Mid-Autumn Moon Festival

Friday September 30th was the 2012 Mid-Autumn Moon Festival, also known as the Mooncake Festival, which is a holiday celebrated in Chinese and Vietnamese culture. The IAS had our own Mooncake festival celebration on Monday Oct 1st.

The tradition of eating mooncakes during this festival allegedly began with a “14th-century uprising against the Mongols, when word of the revolt was spread by concealing the message in cakes that were then smuggled out to compatriots.” (From “Mid-Autumn Festival (Singapore).” Holidays, Festivals, and Celebrations of the World Dictionary. Detroit: Omnigraphics, Inc., 2010. Credo Reference. Web. 02 October 2012. Retrieved from Credo Reference) Regardless of their origin, the eating of mooncakes is now an integral part of the Mid-Autumn Moon festival.

Traditional fillings include salted egg yolks, lotus seed paste, red bean paste, and nut pastes. More modern filling options include durian fruit paste, chocolate, cream cheese, and even ice cream!

Cut mooncake showing a traditional lotus seed paste filling around the salted egg yolk “moon.” Image by flickr user avlxyz, courtesy Wikipedia. 

Mooncakes have been growing unfashionable in recent years, due to their richness and caloric density (usually about 800 calories per cake), but they still remain the go-to gift around this time of the year. They have even been called “the fruitcake of China.”

In defiance of fashion, all of the 88 mooncakes the IAS library bought were gone within a few hours!

Mooncakes and tea! Photography by Elizabeth Svoboda. 

Some students enjoying mooncakes. From left to right: Jijin Xue, Zhao Miunyn, Fengna Su, and Thaddeus Andracki. Photography by Elizabeth Svoboda.

If you’re interested in learning more about the mid-autumn moon festival, check out these resources:

Library Books

  • Folk customs at traditional Chinese festivities. Compiled by Qi Xing ; translated by Ren Jiazhen ; illustrated by Yang Guanghua. Main Stacks, call number 394.26951 F718. Catalog record.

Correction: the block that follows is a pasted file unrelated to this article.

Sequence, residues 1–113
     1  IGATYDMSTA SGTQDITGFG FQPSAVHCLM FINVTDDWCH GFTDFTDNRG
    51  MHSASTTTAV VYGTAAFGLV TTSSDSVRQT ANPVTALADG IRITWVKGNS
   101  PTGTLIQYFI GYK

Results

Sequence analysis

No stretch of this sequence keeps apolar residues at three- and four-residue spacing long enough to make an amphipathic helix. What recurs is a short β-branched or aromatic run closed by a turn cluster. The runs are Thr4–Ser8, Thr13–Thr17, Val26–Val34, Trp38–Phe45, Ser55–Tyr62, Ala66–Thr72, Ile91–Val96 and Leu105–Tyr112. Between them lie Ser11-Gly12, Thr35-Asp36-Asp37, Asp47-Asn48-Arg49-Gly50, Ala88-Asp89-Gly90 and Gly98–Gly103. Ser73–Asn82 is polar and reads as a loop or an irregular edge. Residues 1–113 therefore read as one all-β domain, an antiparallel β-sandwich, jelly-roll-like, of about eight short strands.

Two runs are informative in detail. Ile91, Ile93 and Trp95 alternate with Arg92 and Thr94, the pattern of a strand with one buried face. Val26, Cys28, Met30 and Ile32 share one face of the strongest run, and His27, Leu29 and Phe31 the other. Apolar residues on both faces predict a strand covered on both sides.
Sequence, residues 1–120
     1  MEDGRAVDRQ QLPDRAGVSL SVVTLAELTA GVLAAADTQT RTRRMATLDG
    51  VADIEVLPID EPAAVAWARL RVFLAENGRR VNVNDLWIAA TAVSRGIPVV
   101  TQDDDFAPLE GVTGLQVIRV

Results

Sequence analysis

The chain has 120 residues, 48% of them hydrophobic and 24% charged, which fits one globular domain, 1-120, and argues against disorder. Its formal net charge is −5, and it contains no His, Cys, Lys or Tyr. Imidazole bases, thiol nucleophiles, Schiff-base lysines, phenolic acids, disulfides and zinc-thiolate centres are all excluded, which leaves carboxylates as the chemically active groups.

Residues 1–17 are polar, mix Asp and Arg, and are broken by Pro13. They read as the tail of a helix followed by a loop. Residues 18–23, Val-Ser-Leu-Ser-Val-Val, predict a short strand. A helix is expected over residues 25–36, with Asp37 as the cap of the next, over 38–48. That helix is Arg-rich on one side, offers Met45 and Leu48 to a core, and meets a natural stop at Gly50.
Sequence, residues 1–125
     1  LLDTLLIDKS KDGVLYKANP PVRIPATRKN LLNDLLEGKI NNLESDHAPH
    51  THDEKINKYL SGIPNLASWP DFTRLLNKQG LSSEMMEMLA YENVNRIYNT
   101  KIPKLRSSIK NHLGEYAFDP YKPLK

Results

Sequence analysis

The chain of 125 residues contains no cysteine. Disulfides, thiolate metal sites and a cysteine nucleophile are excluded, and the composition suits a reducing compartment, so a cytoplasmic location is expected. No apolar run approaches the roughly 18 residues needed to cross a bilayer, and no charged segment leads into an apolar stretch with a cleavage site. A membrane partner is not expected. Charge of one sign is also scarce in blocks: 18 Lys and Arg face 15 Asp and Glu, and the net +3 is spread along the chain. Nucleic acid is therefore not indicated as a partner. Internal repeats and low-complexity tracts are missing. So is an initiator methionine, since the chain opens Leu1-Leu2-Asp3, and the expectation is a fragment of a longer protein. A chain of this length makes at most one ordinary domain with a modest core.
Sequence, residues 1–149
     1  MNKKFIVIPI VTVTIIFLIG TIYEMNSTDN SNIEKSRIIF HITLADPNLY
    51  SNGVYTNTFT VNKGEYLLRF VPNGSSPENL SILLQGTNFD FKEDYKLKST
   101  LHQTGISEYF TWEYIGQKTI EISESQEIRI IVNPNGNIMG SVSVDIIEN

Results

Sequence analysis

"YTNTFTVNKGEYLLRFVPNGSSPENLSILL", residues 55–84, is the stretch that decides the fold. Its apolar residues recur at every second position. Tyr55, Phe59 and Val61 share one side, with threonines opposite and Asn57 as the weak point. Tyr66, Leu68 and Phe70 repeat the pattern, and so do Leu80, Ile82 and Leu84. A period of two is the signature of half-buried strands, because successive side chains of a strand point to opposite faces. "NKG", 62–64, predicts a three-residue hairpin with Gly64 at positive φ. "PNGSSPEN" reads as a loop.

• The Chinese at play: festivals, games and leisure. Edited by Anders Hansson, with Bonnie S. McDougall and Frances Weightman. Education and Social Sciences Library, call number 306.480951 C441. Catalog record.
  • Chinese traditional festivals. Marie-Luise Latsch. Main Stacks, call number 394.26951 L355C. Catalog record.

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About Denise Rayman

My name is Denise and I’m in my second year of study at the Graduate School of Library and Information Science at the University of Illinois. I am a Graduate Assistant at the International and Area Studies Library.

I received my Bachelor’s in Linguistics here at UIUC in 2011, specializing in Mandarin Chinese Sociolinguistics, and I also minored in Business. My husband also received his Bachelor’s from UIUC in 2011, and he is currently a 2L here at the University of Illinois College of Law.

I also work at University of Illinois Archives, where I answer reference questions and process incoming materials. I also worked at the Undergraduate Library for three years as a Student Assistant during while I was an Undergrad.

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